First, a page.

Quick image tricks and techniques in Captivate

Posted by Greten on 01 Dec 2019 under Tips, Tools

Elearning modules use a wide array of images: diagrams, maps, pictures, and anything essential to the learning process. You can use images to convey information that can be difficult to visualize with text or audio alone. Images can also be used to catch and keep the learner's attention or stimulate emotion on them, which can aid in the learning process.

Working efficiently with images is an important skill you can develop if you are using Adobe Captivate. Efficient here means you can work faster, and you can keep the file size of your raw Captivate file (CPTX) and SCORM file (ZIP) as small as feasible. I tested the techniques that this entry covers in Adobe Captivate 2019. These techniques also work in Captivate 2017, but my tests are not as thorough as in 2019.

Copy/cut a selected part of an image

If you want to use a small section of one large image, one of the things you probably do is to crop the image to the part that you want, save it, and then put it on a Captivate slide using Media ยป Image.

The library tab of Adobe Captivate showing the different assets used for this project. Currently highlighted is the Clipboard4588137380703.PNG, which was generated by copying from a selection in an image editor.An alternative is to open the image using an image editor such as MS Paint, GIMP, or Adobe Photoshop. Then, select the part of the image you want to put on the Captivate slide, copy or cut the image (Ctrl + C or Ctrl + X), go to the Captivate window, and paste it there (Ctrl + V). The image will be pasted as a slide object. It will also appear in the Library with a weird name: Clipboard....(trail of several numerical digits).

You can change this weird name into something descriptive and easier to memorize, or you can keep it as is depending on if you intend to put this image elsewhere in your captivate file. To rename, right-click the image on the Library, select Rename, and type the name that you want.

Note:

  • If you copied a selected part of an image and press Ctrl + V twice or more, it would create multiple instances of the same image in the Library. To save on file size, delete the additional instances from both the slide and the Library. Then, drag the remaining instance from the Library to the slide if you need more than one instance of the same image. You can also select the image on the Captivate slide and copy it instead.

Replace all instances of an image

If an image is used several times in Captivate, you can change them without changing one-by-one provided that they are instances of the same image in the Library. You can verify this by checking the Use Count in the Library.

Follow the steps below to replace the several instances of an image at once.

  1. Right-click one of the instances of the image on the slide. Select Find in the Library.
  2. Right-click on it in the Library. Click Properties.
  3. In the Image Properties window, select Import.
  4. Browse and select the image you want to use as the replacement.
  5. Click Open.
  6. At this point, you will see that all the instances of the image have been replaced. It will remain in effect regardless of whether you click OK or Cancel to close the Image Properties. If you don't like the replacement, press Ctrl + Z to undo before you do anything else, and the instances will revert to the original image.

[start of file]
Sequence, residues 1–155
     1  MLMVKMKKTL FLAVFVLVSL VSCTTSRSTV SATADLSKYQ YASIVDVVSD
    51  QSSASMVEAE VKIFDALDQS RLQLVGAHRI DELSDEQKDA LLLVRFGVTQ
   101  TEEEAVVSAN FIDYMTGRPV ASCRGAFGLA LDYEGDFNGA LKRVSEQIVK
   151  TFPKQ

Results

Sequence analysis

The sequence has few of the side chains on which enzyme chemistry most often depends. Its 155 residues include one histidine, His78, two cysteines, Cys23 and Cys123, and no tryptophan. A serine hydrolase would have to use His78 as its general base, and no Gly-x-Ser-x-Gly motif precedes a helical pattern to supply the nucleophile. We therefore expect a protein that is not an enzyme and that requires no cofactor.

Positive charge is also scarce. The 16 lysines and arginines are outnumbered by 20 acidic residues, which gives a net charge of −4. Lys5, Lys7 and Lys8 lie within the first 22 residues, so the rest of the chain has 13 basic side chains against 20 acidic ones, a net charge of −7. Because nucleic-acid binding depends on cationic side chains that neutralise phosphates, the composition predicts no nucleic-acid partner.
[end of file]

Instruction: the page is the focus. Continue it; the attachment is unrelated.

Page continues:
The image file name in the Library will be replaced after you completed these steps.

Note:

  1. The instances will retain the values of W and H (width and height in pixels). Meaning, if the replacement image does not have the same proportion of length and width as the original image, you will see some distortion.

Paste image as background

You can paste an image as background of a slide. After you already copied an image, right-click on any part of the slide where there are no slide objects and select Paste as Background (Shift + Alt + V).

A Captivate slide using an image of the planet Jupiter as a slide object object image. The same image is also used as the slide's background.

You can have any source of the image. It can be an image that is already a slide object on the same slide, another slide of the same Captivate file, or from another file. It can also be a copied part of an image using the Select function of an image editing application. It can also be a background from another slide that you copied by right-clicking on the slide and selecting Copy Background, or by pressing Shift + Ctrl + Y.

Note:

  1. If the image is smaller than the slide, the image is shown as background in its original size centered vertically and horizontally on the slide. If the image is larger than the slide, it shrinks so that its entirety is visible on the slide.
  2. If a PNG file with a transparent part is used as a background in one slide. Then, it was copied as background to another slide using Copy Background and Paste as Background; the transparent parts turn to black. It does not happen if the image with transparent parts is copied from a slide object.
  3. If you use a slide object image as a background, it does not become two instances of usage. Instead, the background becomes a separate image with a "Clipboard......" name.

Just like any other work, efficiency is important in developing learning modules using Captivate. Speed is important, but not the only important thing. You also have to ask yourself if the next person who will modify your course will find it easy to trace the assets you put in the Captivate file and what they do.

Last updated on 01 Dec 2019.

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